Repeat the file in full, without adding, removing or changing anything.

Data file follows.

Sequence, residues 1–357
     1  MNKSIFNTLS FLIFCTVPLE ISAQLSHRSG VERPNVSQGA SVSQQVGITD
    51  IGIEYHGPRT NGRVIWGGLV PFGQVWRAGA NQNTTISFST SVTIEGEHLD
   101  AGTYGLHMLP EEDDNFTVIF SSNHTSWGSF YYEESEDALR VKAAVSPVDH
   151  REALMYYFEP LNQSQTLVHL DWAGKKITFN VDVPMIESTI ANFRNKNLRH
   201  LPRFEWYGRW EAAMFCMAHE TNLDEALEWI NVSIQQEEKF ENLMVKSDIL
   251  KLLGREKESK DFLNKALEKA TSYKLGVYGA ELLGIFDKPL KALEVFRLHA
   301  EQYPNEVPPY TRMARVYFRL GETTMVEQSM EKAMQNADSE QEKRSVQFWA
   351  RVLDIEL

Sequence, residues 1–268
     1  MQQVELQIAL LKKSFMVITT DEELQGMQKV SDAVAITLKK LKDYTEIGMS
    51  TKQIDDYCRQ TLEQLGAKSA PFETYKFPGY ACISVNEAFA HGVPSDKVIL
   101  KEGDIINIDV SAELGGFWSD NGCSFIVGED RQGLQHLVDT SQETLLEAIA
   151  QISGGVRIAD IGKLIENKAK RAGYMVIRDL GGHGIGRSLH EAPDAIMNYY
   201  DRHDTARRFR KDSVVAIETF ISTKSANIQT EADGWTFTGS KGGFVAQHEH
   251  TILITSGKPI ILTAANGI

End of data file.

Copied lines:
Sequence, residues 1–357
     1  MNKSIFNTLS FLIFCTVPLE ISAQLSHRSG VERPNVSQGA SVSQQVGITD
    51  IGIEYHGPRT NGRVIWGGLV PFGQVWRAGA NQNTTISFST SVTIEGEHLD
   101  AGTYGLHMLP EEDDNFTVIF SSNHTSWGSF YYEESEDALR VKAAVSPVDH
   151  REALMYYFEP LNQSQTLVHL DWAGKKITFN VDVPMIESTI ANFRNKNLRH
   201  LPRFEWYGRW EAAMFCMAHE TNLDEALEWI NVSIQQEEKF ENLMVKSDIL
   251  KLLGREKESK DFLNKALEKA TSYKLGVYGA ELLGIFDKPL KALEVFRLHA
   301  EQYPNEVPPY TRMARVYFRL GETTMVEQSM EKAMQNADSE QEKRSVQFWA
   351  RVLDIEL

Sequence, residues 1–268
     1  MQQVELQIAL LKKSFMVITT DEELQGMQKV SDAVAITLKK LKDYTEIGMS
    51  TKQIDDYCRQ TLEQLGAKSA PFETYKFPGY ACISVNEAFA HGVPSDKVIL
   101  KEGDIINIDV SAELGGFWSD NGCSFIVGED RQGLQHLVDT SQETLLEAIA
   151  QISGGVRIAD IGKLIENKAK RAGYMVIRDL GGHGIGRSLH EAPDAIMNYY
   201  DRHDTARRFR KDSVVAIETF ISTKSANIQT EADGWTFTGS KGGFVAQHEH
   251  TILITSGKPI ILTAANGI